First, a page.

Fortunately, there’s a lot to admire about Stroheim’s efforts here. First, the character of Patricia Kelly is an interesting one, and Stroheim elicits some amazing emotional moments from Swanson, ones in which she is asked to display a range of conflicting emotions. We can see each one and recognize their progression. In one scene, she perfectly conveys the dread and shock of a woman who has incurred the wrath of a jealous and violent queen. The result is a tough scene to watch. Stroheim also gets a terrific performance from Bryon. Playing the cad, the naturally alluring Bryon infuses the character with charm and wit, making it perfectly sensible that women would keep picture postcards of him under their pillows. Matching them is the indelible Seena Owen, who plays Queen Regina V. She makes it perfectly understandable that Wolfram would not be able simply to walk away from the engagement, and her facial expressions are the stuff of nightmares.

Ultimately, Swanson’s instincts were correct: Under Stroheim’s direction, the film veers into questionable territory, and not simply because what develops seems superfluous to the main plot. The first hour depicts an unwise and unresolved courtship. Conventional wisdom says to stick with that story line, yet under Stroheim’s direction, Kelly was to have been married off to Jan Vryheid (hammily-played by Tully Marshall), one of the most overtly lecherous characters ever to grace the silver screen. Just what Kelly’s aunt sees in him that makes her think he would be a suitable husband is anyone’s guess. And that would not have been the end of Kelly’s misery.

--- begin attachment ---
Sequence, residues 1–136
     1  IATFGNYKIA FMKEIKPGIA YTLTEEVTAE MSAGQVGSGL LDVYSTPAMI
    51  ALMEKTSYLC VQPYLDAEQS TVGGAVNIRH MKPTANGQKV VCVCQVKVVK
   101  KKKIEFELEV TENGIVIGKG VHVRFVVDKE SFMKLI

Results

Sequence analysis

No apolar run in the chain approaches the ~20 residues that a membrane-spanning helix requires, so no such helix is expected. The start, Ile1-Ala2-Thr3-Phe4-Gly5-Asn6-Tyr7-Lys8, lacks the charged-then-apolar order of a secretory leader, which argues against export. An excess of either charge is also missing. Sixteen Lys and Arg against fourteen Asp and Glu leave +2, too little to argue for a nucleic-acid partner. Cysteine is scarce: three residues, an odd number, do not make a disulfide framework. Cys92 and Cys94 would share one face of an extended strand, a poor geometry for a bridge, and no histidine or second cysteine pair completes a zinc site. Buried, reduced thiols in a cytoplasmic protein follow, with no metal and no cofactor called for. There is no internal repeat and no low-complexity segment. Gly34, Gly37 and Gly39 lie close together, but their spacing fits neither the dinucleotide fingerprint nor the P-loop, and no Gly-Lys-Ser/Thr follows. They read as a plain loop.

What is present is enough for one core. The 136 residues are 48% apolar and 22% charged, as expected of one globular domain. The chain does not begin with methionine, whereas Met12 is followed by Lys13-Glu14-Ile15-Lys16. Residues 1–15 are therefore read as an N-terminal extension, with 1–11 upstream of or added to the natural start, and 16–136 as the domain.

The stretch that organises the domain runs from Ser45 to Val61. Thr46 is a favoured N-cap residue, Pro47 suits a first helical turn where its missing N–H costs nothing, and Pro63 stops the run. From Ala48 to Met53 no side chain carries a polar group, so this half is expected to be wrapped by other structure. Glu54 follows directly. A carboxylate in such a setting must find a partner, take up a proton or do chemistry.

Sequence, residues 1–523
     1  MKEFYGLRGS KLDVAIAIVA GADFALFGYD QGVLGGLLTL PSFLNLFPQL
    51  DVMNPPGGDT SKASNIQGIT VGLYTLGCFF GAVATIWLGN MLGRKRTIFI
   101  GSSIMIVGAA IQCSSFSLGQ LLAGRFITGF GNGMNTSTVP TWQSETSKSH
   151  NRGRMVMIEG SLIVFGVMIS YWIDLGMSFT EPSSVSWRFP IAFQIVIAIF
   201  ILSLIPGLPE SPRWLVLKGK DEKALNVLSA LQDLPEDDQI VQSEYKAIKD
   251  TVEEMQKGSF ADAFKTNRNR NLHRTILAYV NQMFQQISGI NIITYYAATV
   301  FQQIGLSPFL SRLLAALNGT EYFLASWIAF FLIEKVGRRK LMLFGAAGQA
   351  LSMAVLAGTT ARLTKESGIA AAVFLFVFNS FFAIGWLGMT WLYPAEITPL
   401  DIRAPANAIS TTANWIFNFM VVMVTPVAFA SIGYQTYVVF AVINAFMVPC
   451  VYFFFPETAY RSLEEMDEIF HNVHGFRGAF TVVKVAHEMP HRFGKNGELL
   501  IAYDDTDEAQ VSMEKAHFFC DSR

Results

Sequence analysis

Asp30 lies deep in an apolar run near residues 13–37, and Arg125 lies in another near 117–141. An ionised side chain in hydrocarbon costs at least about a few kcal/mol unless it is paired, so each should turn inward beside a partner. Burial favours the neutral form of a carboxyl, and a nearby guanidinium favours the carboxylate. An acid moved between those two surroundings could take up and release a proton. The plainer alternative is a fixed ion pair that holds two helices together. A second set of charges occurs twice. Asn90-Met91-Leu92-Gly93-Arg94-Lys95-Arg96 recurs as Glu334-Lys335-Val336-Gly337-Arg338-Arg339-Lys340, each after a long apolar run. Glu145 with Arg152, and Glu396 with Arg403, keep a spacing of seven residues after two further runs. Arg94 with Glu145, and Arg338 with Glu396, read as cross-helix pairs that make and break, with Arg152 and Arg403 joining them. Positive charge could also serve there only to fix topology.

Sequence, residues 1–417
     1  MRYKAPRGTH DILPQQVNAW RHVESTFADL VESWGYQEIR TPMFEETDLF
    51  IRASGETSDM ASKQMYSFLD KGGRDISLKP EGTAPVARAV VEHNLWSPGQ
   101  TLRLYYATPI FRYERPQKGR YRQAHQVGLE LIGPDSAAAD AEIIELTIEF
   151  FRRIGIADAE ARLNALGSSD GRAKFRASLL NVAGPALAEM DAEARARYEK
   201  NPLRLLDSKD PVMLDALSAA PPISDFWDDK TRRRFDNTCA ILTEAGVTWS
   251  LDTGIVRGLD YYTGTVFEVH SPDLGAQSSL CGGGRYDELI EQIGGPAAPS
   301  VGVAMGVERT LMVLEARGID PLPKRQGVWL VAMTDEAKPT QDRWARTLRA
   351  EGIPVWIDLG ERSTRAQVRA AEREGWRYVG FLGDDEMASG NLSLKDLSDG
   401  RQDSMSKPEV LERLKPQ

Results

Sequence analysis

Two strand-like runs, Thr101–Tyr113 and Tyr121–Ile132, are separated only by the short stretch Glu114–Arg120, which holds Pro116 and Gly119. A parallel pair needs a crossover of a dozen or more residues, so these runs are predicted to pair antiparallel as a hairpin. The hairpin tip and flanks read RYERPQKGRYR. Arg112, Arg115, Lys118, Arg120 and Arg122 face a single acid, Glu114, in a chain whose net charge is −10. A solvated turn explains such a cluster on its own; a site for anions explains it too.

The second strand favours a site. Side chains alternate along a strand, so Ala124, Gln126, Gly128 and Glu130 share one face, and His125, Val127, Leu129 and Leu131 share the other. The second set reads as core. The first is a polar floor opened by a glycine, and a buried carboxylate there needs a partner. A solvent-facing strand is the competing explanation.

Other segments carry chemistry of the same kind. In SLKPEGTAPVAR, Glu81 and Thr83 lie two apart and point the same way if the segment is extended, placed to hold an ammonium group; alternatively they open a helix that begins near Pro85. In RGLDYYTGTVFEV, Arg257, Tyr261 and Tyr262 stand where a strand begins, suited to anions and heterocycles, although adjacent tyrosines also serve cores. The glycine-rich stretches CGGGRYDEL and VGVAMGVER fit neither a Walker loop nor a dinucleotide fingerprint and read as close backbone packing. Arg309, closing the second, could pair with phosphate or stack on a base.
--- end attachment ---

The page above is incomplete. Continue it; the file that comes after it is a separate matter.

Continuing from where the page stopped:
It would also not have provided an adequate resolution to the film’s love story, for Kelly and Wolfram have known each other for just two days, and few of their conversations are the kind from which he could realistically conclude that he’d found his soul mate. In an attempt to salvage the film, Swanson filmed a brief ending, and to her credit, it more than adequately completes Kelly and Wolfram’s story. This was the ending audiences in Europe and South America saw when the film was finally released in 1932. It would be more than twenty years before audiences in the United States were afforded the same opportunity.

To watch it today is to see a divided film. It is clear that Swanson wanted a Shakespearean love story, while Stroheim wanted a much more perverse and fractured fairy tale. The differing visions ultimately hurt the project. While the personalities of Kelly and the Queen remain consistent, Wolfram’s is all over the place. Does he love Kelly? Certainly not at first, and believing that he suddenly does requires a certain degree of amnesia on the audience’s part. Still, we feel for Kelly, and we grow to want a better life for the Prince. So, it works. It just needed another thirty minutes to develop their relationship more fully and for the film to end without the African journey. Swanson got that. (on DVD from Kino)

3 stars (Stroheim’s version)
3 and a half stars (Swanson’s version)